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The Scriptures refer to Joseph of Arimathea as a "rich man," a "prominent council member," and a "good and just man" who "had not consented" to the trial that condemned Jesus (see Matthew 27:57-60; Mark 15:42-46; Luke 23:50-53).
After Christ’s death, Joseph, "being a disciple of Jesus, but secretly, for fear of the Jews, asked [the Roman governor Pontius] Pilate that he might take away the body of Jesus; and Pilate gave him permission" (John 19:38). Then, after preparing Christ’s body for burial, Joseph laid the body in a rock-hewn tomb in a garden (verses 39-42). This tomb was probably owned by Joseph, as the Messiah was prophesied to be buried in a rich man’s grave (see Isaiah 53:9).
Mark says that Joseph went boldly to Pilate to request the body of Jesus (Mark 15:43)—and just in time. Barnes’ Notes on the New Testament comments: "Unless there had been a special application to Pilate on behalf of Jesus, his body would have been buried that night in the common grave with the malefactors, for it was a law of the Jews that the body of an executed man should not remain on the cross on the Sabbath [John 19:31]" (1970, note on Mark 15:43).
But on what grounds did Joseph so boldly claim the body of Christ? The Jewish authorities, who hated and despised Jesus, would surely have resisted Him being given an honorable burial in a private tomb—unless there were irrefutable grounds in favour of Joseph having the right to receive the body.
Joseph of Arimathea was most likely a close relative of Jesus and, according to some traditions, he had become an adoptive father to the family after the death of Mary’s husband Joseph. More specifically, "Joseph of Arimathea is by Eastern [Orthodox] tradition said to have been the younger brother of the father of the Virgin Mary" (Richard W. Morgan, St. Paul in Britain, 1860, 1984, pp. 69-70 footnote)—thus making him Mary’s uncle and Jesus’ great uncle. Mary’s father Heli was essentially a royal prince of the Davidic line of Nathan—and so would Heli’s brother have been. So Joseph of Arimathea may well have been of royal blood. (Some even claim an earlier tradition that Joseph was the brother of Mary and thus Jesus’ direct uncle—which would still have made him of the same family.)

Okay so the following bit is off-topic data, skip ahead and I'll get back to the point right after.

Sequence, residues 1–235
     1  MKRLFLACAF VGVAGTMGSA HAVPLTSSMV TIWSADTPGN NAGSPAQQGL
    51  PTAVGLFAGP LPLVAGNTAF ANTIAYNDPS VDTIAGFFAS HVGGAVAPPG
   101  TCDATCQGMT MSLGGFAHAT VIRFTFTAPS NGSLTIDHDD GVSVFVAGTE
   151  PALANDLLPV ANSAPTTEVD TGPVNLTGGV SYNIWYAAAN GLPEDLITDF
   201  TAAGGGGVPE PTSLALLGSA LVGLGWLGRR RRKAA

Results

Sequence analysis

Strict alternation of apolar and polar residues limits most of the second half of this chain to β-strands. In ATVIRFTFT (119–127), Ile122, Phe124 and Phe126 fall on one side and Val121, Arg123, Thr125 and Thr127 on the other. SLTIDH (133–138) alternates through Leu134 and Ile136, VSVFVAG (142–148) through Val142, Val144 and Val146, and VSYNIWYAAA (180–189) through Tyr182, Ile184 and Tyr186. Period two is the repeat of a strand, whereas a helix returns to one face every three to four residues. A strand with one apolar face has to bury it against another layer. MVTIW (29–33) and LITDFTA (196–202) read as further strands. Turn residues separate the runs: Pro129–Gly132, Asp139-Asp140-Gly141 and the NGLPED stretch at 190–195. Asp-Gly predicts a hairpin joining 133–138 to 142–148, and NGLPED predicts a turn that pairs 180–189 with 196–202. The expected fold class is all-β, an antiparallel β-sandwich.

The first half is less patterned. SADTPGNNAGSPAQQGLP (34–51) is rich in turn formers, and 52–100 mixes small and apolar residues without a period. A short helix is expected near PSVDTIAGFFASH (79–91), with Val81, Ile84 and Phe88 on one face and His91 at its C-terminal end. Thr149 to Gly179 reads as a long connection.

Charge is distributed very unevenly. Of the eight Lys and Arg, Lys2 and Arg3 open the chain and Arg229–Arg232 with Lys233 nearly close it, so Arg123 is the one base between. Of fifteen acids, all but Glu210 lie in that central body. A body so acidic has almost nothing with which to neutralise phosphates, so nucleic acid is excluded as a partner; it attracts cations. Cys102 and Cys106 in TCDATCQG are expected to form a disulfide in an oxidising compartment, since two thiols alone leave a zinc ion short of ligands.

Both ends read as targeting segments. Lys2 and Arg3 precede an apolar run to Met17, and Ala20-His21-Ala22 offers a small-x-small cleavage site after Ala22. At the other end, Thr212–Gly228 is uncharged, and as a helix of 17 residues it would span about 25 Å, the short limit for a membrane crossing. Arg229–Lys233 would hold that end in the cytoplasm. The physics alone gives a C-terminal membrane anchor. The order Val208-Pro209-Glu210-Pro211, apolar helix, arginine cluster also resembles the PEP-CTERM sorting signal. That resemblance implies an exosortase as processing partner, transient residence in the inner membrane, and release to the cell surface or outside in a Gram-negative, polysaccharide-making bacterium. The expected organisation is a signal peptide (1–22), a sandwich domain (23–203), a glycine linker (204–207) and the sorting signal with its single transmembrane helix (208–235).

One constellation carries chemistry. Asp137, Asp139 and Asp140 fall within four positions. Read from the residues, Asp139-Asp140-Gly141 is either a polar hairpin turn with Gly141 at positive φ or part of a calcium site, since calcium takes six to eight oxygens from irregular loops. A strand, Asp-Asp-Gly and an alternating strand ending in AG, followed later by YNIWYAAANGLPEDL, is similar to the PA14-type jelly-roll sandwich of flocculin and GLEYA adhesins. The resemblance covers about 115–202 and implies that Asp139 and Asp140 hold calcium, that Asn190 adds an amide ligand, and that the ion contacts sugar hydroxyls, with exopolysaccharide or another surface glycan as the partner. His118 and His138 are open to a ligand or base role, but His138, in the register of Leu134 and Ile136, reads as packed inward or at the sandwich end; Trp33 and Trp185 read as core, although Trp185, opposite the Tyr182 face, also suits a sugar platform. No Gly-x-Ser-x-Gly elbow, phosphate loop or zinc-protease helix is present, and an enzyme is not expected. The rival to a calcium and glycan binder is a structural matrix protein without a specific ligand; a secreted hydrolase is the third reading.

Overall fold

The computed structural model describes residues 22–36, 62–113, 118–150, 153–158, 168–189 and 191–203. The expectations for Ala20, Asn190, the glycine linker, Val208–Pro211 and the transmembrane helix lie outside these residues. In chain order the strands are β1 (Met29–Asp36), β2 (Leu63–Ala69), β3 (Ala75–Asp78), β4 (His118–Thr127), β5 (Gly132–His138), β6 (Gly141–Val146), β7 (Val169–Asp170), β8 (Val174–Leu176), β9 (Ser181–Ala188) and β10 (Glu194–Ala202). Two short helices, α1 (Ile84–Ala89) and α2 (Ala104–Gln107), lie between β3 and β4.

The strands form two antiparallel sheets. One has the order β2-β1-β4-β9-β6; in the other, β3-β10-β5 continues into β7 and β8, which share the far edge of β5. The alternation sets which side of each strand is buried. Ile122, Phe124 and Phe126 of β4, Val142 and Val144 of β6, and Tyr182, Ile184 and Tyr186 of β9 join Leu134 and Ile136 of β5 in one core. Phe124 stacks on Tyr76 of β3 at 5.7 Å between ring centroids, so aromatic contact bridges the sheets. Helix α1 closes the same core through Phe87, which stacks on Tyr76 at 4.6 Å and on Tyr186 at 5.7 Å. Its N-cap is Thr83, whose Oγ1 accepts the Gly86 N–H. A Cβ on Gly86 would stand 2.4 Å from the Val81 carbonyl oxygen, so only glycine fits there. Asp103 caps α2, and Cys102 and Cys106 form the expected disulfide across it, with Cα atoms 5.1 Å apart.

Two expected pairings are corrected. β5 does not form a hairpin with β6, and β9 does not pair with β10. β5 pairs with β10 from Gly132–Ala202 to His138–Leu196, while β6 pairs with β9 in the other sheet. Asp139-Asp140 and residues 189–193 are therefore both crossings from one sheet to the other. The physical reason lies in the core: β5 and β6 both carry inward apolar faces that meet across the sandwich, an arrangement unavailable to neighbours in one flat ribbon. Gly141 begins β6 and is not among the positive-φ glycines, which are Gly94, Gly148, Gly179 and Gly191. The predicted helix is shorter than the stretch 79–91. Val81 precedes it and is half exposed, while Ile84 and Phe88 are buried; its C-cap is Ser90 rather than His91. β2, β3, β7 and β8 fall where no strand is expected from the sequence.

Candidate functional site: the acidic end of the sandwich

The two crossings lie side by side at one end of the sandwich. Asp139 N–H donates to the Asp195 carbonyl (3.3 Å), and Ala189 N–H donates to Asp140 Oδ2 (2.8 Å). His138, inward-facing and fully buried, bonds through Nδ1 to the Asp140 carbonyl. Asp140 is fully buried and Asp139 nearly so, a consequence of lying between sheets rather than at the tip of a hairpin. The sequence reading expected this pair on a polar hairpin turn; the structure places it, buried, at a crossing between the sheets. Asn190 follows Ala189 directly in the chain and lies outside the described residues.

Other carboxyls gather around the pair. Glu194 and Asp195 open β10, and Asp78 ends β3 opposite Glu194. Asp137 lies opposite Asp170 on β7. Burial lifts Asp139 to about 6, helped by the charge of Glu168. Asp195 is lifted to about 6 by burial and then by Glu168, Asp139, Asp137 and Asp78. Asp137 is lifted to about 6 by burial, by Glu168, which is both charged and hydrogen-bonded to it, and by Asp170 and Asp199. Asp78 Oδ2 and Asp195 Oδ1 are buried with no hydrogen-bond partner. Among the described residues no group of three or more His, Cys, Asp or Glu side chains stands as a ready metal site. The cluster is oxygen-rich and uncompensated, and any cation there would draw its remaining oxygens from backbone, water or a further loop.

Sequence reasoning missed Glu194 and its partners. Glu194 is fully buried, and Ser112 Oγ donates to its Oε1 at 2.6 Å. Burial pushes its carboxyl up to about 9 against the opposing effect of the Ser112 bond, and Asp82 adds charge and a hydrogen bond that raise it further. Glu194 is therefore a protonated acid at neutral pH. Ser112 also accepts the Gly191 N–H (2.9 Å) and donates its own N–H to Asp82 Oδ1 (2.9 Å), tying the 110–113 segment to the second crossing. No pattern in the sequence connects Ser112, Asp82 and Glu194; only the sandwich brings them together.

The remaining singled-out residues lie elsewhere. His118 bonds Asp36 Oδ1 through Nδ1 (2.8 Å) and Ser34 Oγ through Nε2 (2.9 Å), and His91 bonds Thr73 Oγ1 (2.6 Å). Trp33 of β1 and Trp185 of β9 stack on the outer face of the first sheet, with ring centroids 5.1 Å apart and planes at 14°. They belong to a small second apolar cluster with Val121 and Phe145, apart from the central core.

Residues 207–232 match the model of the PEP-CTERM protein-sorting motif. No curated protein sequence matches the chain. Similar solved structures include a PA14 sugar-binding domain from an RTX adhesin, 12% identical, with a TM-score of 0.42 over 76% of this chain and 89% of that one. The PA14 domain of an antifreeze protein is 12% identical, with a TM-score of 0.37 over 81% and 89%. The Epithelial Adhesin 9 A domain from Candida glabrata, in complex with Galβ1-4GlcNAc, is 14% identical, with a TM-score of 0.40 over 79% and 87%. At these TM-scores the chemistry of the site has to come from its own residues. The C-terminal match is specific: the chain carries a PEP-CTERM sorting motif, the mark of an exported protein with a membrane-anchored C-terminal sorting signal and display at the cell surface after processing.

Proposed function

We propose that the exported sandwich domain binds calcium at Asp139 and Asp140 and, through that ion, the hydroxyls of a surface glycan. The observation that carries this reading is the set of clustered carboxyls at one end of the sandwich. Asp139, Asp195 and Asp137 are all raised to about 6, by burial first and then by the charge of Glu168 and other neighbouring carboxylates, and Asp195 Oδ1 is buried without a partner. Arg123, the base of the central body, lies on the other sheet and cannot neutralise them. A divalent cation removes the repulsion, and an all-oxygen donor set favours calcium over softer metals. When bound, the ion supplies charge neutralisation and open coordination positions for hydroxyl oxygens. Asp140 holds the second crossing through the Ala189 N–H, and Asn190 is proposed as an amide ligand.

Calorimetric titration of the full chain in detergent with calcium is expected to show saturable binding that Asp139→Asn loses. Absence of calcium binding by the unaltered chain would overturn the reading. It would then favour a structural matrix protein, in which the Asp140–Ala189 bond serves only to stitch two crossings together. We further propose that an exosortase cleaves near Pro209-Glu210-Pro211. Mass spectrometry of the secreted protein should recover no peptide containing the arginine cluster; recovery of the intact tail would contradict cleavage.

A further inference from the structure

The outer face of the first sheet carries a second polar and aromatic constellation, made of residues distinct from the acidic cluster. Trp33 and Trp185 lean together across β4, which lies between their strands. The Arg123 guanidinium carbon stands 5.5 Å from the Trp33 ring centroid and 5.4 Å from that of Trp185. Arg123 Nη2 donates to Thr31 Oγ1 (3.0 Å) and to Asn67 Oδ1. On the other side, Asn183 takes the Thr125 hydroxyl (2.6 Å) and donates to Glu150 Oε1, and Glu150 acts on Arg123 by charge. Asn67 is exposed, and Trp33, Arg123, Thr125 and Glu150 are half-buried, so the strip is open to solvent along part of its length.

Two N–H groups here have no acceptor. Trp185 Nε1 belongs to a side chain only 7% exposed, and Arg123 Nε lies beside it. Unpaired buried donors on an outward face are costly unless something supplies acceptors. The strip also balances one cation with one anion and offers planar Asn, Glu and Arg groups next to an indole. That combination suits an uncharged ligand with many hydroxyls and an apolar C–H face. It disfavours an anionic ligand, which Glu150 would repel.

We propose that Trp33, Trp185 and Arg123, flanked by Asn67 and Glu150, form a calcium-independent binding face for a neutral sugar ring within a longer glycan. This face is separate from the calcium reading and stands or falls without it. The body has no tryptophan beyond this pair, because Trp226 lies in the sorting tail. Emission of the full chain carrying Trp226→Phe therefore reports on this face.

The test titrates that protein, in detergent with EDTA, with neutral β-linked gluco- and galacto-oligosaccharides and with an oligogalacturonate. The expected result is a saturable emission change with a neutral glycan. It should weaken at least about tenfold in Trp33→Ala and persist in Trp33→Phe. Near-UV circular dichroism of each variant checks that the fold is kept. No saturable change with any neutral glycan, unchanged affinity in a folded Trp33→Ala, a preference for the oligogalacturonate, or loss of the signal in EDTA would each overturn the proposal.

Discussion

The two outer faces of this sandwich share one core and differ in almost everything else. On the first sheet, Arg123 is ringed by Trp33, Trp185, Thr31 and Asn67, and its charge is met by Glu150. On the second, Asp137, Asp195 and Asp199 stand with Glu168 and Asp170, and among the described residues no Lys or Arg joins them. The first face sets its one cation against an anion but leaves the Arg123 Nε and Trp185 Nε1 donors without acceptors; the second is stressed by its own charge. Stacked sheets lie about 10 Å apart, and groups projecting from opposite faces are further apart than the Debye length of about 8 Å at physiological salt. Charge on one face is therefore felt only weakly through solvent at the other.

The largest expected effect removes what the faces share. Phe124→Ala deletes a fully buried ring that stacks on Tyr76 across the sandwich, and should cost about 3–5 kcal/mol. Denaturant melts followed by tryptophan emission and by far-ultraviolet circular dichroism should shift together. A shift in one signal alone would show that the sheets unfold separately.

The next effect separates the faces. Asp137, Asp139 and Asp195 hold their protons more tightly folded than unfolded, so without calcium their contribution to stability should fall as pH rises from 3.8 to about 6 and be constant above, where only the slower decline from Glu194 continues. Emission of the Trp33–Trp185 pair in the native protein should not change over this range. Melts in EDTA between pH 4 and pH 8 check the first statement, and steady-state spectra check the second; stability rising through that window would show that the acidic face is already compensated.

As mentioned, Joseph was also described as a "prominent council member" (Mark 15:43). The original Greek here is ‘euschemon bouletes’, which the Amplified Bible describes as a "noble and honorable in rank and a respected member of the council...He is also called by St. Mark and by St. Luke a ‘bouleutes’, literally, ‘a senator,’ ... a member of the Sanhedrin or supreme council of the Jews" ("Joseph of Arimathea," The Catholic Encyclopaedia, 1910, Vol. 8, Online Edition, 1999, www.newadvent.org/cathen).
There are also traditions connecting Joseph with Britain and in particular with "Glastonbury Abbey, a ruined abbey in Somersetshire, about 6 miles south of Wells, England. Tradition has it that it was here that Joseph of Arimathea established the first Christian Church in England" (Collier’s Encyclopedia, 1959, Vol. 9, p. 120). It is understood that he was involved in tin mining and, more importantly, the tin trade with the Mediterranean.
Among other evidence Dr. Susser further says: "A persistent legend also refers to the presence of at least one Jew in England at the beginning of the Christian era. He was Joseph of Arimathaea, a wealthy Essene Jew who, it is said, out of sympathy with Jesus, gave him burial in a rock tomb near Jerusalem . . . (Jewish Encyclopaedia (New York, 1901) . . .). A variant of the legend makes Joseph travel through Cornwall accompanied by Jesus . . ." (chap. 1).
In the early 300s, the renowned church historian Eusebius wrote: "The holy apostles and disciples of our Saviour were scattered over the whole world. Thomas, tradition tells us, was chosen for Parthia, Andrew for Scythia, John for Asia [Minor], where he remained till his death at Ephesus. Peter seems to have preached in Pontus, Galatia and Bithynia, Cappadocia and Asia [Minor], to the Jews [or, rather, Israelites] of the Dispersion" (Book 3, chap. 1). Paul specifically mentioned his intention to go to Spain (Romans 15:24, 28) and, in another of his works Eusebius wrote, "The apostles passed beyond the ocean to the isles called the Britannic Isles" (Demonstratio Evangelica or Proof of the Gospel, book 3, chap. 7).
Thus, with such prevalent traditions surrounding Joseph of Arimathea’s presence in southern England in the first century A.D., and numerous corroborating factors, it seems quite probable he was there, after he witnessed the crucifixion and resurrection of Jesus Christ, and may have also visited earlier in order to oversee his trading interests in the area.